Bury the Chains: Prophets and Rebels in the Fight to Free an Empire's Slaves

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Houghton Mifflin Harcourt, 2005 - History - 468 pages
93 Reviews
From the author of the widely acclaimed King Leopold's Ghost comes the taut, gripping account of one of the most brilliantly organized social justice campaigns in history -- the fight to free the slaves of the British Empire. In early 1787, twelve men -- a printer, a lawyer, a clergyman, and others united by their hatred of slavery -- came together in a London printing shop and began the world's first grass-roots movement, battling for the rights of people on another continent. Masterfully stoking public opinion, the movement's leaders pioneered a variety of techniques that have been adopted by citizens' movements ever since, from consumer boycotts to wall posters and lapel buttons to celebrity endorsements. A deft chronicle of this groundbreaking antislavery crusade and its powerful enemies, Bury the Chains gives a little-celebrated human rights watershed its due at last.

  

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Well researched and written. - Goodreads
A well written, easy to read, great book! - Goodreads
An excellent book, very well researched and written. - Goodreads
Hochschild is a great writer... - Goodreads
The richness of the research was astounding. - Goodreads

Review: Bury the Chains: Prophets and Rebels in the Fight to Free an Empire's Slaves

User Review  - Patrick Dean - Goodreads

This is an excellent and fascinating account of one of the first social movements -- the effort to end the slave trade in the British Empire. It has thorough research and documentation as well as ... Read full review

Review: Bury the Chains: Prophets and Rebels in the Fight to Free an Empire's Slaves

User Review  - Sharman Wilson - Goodreads

A riveting history of the British slave trade and the campaign to end it. I had learned about slavery through the lens of US history, and so my knowledge was limited to just a small part of the global ... Read full review

Contents

Many Golden Dreams
11
Atlantic Wanderer
30
Intoxicated with Liberty
41
King Sugar
54
A Tale of Two Ships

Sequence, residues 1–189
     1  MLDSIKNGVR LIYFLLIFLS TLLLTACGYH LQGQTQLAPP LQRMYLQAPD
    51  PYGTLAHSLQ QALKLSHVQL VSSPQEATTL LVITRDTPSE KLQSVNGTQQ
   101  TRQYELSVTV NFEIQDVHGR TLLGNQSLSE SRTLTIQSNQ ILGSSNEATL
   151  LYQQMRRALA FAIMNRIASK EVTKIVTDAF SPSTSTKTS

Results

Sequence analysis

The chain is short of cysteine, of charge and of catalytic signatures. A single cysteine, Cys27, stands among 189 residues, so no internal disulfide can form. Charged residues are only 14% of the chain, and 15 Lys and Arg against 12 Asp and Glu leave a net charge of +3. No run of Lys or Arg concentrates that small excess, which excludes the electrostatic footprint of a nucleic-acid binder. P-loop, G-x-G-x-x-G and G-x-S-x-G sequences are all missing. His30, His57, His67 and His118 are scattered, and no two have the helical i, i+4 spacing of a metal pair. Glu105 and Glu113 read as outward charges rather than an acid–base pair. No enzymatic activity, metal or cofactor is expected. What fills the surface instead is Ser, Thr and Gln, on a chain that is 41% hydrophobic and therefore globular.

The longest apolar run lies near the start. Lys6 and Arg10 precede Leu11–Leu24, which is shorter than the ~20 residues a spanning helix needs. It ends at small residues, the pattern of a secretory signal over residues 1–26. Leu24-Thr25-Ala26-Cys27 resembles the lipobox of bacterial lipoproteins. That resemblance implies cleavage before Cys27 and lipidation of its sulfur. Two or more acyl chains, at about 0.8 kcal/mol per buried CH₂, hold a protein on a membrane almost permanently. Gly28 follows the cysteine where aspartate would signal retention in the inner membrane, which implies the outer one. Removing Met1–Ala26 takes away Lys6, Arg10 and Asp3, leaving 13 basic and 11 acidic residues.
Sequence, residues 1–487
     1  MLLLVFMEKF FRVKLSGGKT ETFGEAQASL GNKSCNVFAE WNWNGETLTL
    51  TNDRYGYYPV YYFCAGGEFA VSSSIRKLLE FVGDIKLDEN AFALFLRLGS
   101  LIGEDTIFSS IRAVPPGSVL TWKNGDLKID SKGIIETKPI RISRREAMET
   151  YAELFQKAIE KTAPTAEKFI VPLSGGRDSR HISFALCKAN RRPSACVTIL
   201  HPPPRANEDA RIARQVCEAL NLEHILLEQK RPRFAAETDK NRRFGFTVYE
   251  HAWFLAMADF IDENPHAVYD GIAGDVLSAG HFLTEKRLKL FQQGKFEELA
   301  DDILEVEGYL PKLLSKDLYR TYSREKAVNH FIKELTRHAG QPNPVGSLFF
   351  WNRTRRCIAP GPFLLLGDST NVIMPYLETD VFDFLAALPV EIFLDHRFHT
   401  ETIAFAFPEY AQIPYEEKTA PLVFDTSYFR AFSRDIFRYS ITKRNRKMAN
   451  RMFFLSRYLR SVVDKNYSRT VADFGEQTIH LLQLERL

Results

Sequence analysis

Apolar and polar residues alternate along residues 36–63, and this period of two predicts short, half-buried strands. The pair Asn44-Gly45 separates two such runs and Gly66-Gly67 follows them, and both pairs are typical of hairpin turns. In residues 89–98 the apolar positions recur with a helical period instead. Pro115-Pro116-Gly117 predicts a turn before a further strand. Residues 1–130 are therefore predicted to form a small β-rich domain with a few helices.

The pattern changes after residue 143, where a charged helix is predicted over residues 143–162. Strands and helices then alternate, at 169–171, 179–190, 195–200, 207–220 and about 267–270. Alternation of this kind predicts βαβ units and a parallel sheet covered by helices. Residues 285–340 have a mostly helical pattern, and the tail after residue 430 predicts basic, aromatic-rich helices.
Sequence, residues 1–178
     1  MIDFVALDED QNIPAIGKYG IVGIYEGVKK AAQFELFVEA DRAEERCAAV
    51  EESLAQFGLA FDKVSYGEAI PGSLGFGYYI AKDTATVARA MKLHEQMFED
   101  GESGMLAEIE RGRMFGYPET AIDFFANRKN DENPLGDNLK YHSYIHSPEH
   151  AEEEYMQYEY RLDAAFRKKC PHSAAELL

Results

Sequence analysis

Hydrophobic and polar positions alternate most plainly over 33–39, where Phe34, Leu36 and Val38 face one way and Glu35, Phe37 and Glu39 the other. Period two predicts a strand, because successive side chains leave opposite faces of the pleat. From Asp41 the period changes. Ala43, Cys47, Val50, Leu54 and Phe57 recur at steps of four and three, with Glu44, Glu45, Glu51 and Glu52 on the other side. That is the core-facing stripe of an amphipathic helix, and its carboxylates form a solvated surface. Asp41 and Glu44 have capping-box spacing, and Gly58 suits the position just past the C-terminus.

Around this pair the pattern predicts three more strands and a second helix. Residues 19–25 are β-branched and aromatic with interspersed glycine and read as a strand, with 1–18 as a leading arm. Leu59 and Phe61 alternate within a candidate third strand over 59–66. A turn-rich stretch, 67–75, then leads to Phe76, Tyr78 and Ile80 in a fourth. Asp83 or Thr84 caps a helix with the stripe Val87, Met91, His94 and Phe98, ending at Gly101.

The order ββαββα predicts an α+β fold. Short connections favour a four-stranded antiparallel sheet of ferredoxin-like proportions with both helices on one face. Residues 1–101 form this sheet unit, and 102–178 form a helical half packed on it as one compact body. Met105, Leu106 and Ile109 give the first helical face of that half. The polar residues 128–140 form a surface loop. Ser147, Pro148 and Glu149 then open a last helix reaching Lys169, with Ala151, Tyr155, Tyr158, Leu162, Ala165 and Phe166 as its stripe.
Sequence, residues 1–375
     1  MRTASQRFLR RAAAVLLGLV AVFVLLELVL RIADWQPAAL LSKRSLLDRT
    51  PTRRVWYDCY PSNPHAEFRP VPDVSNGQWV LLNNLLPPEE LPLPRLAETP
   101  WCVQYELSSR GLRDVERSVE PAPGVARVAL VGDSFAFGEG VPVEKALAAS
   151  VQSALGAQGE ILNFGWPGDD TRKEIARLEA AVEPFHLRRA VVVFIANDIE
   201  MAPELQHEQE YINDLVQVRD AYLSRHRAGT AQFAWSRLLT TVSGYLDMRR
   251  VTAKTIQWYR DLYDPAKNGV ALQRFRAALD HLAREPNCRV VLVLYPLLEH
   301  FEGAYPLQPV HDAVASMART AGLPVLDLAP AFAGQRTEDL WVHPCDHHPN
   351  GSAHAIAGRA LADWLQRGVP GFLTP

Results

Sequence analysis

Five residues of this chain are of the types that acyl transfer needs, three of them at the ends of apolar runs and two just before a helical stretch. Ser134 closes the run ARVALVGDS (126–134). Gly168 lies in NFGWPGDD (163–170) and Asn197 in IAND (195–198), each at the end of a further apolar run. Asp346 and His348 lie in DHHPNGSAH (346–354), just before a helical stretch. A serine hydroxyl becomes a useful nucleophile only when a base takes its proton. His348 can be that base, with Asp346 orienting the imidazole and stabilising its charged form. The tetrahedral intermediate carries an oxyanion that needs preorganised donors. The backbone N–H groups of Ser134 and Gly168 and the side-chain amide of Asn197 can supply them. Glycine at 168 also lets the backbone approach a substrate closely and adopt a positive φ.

69
FROM TINDER TO FLAME
83
A Moral Steam Engine
85
The First Emancipation
98
WAR AND REVOLUTION
239
Bleak Decade
241
At the Foot of Vesuvius
256
Redcoats Graveyard
280
These Gilded Africans
288
BURY THE CHAINS
297
A Side Wind
299
Am I Not a Woman and a Sister?
309

I Questioned Whether I Should Even Get Out of It Alive
106
Am I not a Man and a Brother?
122
A Place Beyond the Seas
143
Ramsay Is DeadI Have Killed Him
152
A WHOLE NATION CRYING WITH ONE VOICE
165
An EighteenthCentury Book Tour
167
The BloodSweetened Beverage
181
Promised Land
199
The Sweets of Liberty
213
High Noon in Parliament
226
Come Shout oer the Grave
333
Epilogue
355
To Feel a Just indignation
357
Where was Equiano Born?
369
Source Notes
373
Bibliography
409
Acknowledgments
428
Index
432
Copyright

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About the author (2005)

Adam Hochschild was born in New York City in 1942. His first book, Half the Way Home: a Memoir of Father and Son, was published in 1986. Michiko Kakutani of The New York Times called it "an extraordinarily moving portrait of the complexities and confusions of familial love . . . firmly grounded in the specifics of a particular time and place, conjuring them up with Proustian detail and affection." It was followed by The Mirror at Midnight: a South African Journey, and The Unquiet Ghost: Russians Remember Stalin. His 1997 collection, Finding the Trapdoor: Essays, Portraits, Travels, won the PEN/Spielvogel-Diamonstein Award for the Art of the Essay. King Leopold's Ghost: a Story of Greed, Terror and Heroism in Colonial Africa was a finalist for the 1998 National Book Critics Circle Award. It also won a J. Anthony Lukas award in the United States, and the Duff Cooper Prize in England. His books have been translated into twelve languages and four of them have been named Notable Books of the Year by The New York Times Book Review. His Bury the Chains: Prophets and Rebels in the Fight to Free an Empire’s Slaves, was a finalist for the 2005 National Book Award in Nonfiction and won the Los Angeles Times Book Prize for History. His last two books have also each won Canada’s Lionel Gelber Prize for the best book on international affairs and the Gold Medal of the California Book Awards. In 2005, he received a Lannan Literary Award for Nonfiction.

Hochschild has written for The New Yorker, Harper's, The New York Review of Books, Granta, The New York Times Magazine, and many other newspapers and magazines. His articles have won prizes from the Overseas Press Club, the Society of Professional Journalists and elsewhere. He was a co-founder of Mother Jones magazine and has been a commentator on National Public Radio's "All Things Considered."

Hochschild teaches narrative writing at the Graduate School of Journalism at the University of California at Berkeley, and spent half a year as a Fulbright Lecturer in India. He lives in San Francisco with his wife, sociologist and author Arlie Russell Hochschild. They have two sons and two granddaughters.

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